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Shallow Salt Tectonics above Active Basement Structures

Vendeville, Bruno C.1; Sellier, Nicolas 1; Evrard, Elisabeth 1; Loncke, Lies 2
1 Earth Sciences, Universite de Lille 1, Villeneuve d'ascq, France.
2 Department of earth Sciences, Universite de Perpignan, Perpignan, France.

We conducted an analysis of data from the Mediterranean, and experimental modeling to determine how active basement structures affect the supra-salt overburden. First, the overburden can be vertically pinned to the basement: basement subsidence or uplift are transmitted to the overburden. The topography of the overburden mimics that of the basement. Or the overburden may subside or rise independently of the basement. Second, the overburden can be laterally pinned to the basement: basement extension or shortening is transmitted directly to the overburden.

- Early stage - vertical and lateral decoupling: Thick salt acts as an efficient buffer decoupling the overburden from the basement. Any vertical movement of the basement is compensated by lateral salt flow. As a result, the overburden remains horizontal and “oblivious” to the deformation happening at depth. The overburden, though, deforms in response to the regional stress field, extensional or compressional, but the location of the structures does not depend on the location of basement structures.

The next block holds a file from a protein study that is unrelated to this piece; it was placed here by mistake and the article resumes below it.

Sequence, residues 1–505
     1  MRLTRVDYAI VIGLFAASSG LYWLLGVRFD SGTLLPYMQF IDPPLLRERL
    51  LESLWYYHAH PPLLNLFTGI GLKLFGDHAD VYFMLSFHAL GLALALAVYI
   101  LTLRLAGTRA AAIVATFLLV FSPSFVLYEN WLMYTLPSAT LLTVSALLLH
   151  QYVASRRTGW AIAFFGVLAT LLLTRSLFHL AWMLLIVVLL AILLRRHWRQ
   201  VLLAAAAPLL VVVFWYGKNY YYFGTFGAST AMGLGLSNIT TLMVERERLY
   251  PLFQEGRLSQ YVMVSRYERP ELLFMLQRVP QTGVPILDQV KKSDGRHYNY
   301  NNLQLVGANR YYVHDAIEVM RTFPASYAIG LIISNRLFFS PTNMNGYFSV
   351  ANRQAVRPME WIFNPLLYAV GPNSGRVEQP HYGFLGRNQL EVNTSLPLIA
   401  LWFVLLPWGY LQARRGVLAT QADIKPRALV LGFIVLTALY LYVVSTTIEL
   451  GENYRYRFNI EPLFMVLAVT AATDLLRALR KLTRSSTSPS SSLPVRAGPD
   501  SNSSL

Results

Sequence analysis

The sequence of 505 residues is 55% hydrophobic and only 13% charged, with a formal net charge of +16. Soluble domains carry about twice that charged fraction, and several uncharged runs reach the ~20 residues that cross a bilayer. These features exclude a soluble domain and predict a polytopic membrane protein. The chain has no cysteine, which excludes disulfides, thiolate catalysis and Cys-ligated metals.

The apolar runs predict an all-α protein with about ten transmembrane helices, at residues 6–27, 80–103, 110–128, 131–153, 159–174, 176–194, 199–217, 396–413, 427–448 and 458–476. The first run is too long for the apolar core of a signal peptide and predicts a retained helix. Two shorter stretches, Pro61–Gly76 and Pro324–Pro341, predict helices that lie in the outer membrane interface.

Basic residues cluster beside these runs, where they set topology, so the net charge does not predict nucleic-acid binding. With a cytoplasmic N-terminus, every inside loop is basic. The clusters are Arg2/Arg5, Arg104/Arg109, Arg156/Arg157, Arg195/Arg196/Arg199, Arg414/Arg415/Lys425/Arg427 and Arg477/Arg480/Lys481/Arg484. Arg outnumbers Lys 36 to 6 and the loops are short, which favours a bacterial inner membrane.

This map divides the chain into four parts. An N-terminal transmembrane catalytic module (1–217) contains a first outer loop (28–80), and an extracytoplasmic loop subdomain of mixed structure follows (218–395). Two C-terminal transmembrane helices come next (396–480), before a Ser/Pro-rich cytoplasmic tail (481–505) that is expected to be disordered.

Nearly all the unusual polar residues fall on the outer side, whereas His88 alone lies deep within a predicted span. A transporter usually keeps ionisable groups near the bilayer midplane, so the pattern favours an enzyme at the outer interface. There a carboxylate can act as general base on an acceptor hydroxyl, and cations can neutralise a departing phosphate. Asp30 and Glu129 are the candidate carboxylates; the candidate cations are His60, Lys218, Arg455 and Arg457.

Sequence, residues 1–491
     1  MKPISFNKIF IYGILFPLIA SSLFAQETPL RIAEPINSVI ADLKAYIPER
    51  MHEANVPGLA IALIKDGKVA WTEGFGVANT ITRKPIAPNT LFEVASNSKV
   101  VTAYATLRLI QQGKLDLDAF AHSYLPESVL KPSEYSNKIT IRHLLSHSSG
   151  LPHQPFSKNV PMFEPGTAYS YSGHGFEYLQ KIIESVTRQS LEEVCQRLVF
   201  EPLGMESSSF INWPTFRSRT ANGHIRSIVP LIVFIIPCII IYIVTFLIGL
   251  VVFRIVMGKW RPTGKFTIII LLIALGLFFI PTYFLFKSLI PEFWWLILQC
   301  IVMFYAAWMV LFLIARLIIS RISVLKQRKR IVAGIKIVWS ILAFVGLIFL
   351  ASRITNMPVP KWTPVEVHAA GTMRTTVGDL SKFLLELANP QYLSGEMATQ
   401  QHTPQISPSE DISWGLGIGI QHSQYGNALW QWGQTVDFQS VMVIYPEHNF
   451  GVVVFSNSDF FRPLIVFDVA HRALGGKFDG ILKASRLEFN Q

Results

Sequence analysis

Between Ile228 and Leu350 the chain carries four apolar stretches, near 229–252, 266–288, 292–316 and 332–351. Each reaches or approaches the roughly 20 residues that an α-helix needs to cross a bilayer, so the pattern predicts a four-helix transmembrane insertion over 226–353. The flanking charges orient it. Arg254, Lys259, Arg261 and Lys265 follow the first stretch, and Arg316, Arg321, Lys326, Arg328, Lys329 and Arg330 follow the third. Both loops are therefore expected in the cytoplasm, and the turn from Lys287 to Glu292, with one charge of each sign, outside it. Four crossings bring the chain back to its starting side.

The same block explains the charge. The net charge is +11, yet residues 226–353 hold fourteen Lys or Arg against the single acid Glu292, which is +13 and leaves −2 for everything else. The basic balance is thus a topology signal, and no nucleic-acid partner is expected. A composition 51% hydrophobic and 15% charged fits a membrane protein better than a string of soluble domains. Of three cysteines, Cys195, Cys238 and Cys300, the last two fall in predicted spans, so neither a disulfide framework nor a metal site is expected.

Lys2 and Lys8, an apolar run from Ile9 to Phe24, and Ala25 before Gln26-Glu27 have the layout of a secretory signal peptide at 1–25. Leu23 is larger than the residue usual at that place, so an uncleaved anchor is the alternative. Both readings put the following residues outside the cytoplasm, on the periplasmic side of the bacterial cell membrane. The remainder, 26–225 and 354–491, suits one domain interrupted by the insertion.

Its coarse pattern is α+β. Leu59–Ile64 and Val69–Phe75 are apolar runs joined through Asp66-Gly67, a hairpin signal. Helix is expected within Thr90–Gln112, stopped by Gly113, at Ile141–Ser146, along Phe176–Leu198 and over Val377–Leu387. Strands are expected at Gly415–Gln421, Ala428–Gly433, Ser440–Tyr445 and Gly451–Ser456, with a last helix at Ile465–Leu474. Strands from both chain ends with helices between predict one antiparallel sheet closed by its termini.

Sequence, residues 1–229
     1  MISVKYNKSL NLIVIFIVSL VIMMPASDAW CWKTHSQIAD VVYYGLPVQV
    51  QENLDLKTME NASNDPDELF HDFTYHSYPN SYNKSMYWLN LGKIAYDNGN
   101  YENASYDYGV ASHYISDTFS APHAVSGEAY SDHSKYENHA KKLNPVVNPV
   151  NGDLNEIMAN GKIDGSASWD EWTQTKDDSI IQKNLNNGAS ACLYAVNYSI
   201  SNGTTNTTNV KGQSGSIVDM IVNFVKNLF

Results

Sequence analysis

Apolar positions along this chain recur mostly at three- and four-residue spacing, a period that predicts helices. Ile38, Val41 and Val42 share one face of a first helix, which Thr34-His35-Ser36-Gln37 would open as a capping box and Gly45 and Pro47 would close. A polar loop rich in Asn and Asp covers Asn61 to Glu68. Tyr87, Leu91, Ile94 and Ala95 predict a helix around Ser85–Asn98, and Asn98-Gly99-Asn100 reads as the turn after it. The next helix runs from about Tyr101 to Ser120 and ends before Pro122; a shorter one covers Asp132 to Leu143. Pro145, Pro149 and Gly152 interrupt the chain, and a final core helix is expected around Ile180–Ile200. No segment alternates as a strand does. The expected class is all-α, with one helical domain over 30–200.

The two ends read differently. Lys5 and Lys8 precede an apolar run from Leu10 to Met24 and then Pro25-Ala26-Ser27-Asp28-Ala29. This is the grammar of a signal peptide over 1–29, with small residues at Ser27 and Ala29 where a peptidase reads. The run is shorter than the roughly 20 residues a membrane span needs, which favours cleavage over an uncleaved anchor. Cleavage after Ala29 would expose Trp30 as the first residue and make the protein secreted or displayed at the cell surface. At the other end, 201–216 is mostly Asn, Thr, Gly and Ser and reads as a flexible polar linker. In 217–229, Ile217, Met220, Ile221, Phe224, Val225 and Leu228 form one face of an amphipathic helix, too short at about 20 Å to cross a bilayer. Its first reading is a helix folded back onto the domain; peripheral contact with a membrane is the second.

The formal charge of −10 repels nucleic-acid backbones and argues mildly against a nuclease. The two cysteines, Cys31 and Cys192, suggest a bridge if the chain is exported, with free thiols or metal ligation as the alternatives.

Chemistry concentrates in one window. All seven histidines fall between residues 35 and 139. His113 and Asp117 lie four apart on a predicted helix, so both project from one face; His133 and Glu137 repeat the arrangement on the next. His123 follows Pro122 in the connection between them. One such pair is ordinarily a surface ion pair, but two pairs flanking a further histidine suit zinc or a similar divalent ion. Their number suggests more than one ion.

- Later stage - vertical pinning - lateral decoupling: Thin salt cannot flow fast enough to accommodate the rise or subsidence of the basement. The overburden is vertically pinned to the basement. Changes in topography of the basement are transmitted to the cover. However, even thin salt can act as an efficient detachment surface, and the overburden remains laterally decoupled from the basement. The local surface slope created by basement uplift or subsidence triggers local gravitational gliding away from the rising topographic highs and toward the subsiding topographic lows.

We illustrate these processes using seismic and bathymetric data from the Eastern Mediterranean. First, in an active accretionnary prism, data show extensional structures located in the midst of compressional structures. In physical models, the crests of anticlines initially rise independently of the overburden (vertically decoupled stage). Once salt has thinned above the anticlines, the overburden rises. In response, local gravitational gliding occurs, creating normal faults above the basement anticline’s crests. In the second example, salt and overburden respond to rapid vertical subsidence of crustal basins. Rapid subsidence of the basin (0.2 mm/y) was transmitted to the thin overlying salt and overburden, which glided downslope, triggering thin-skinned extension above the basin’s margins and radial shortening on the basin floor.


AAPG Search and Discovery Article #90090©2009 AAPG Annual Convention and Exhibition, Denver, Colorado, June 7-10, 2009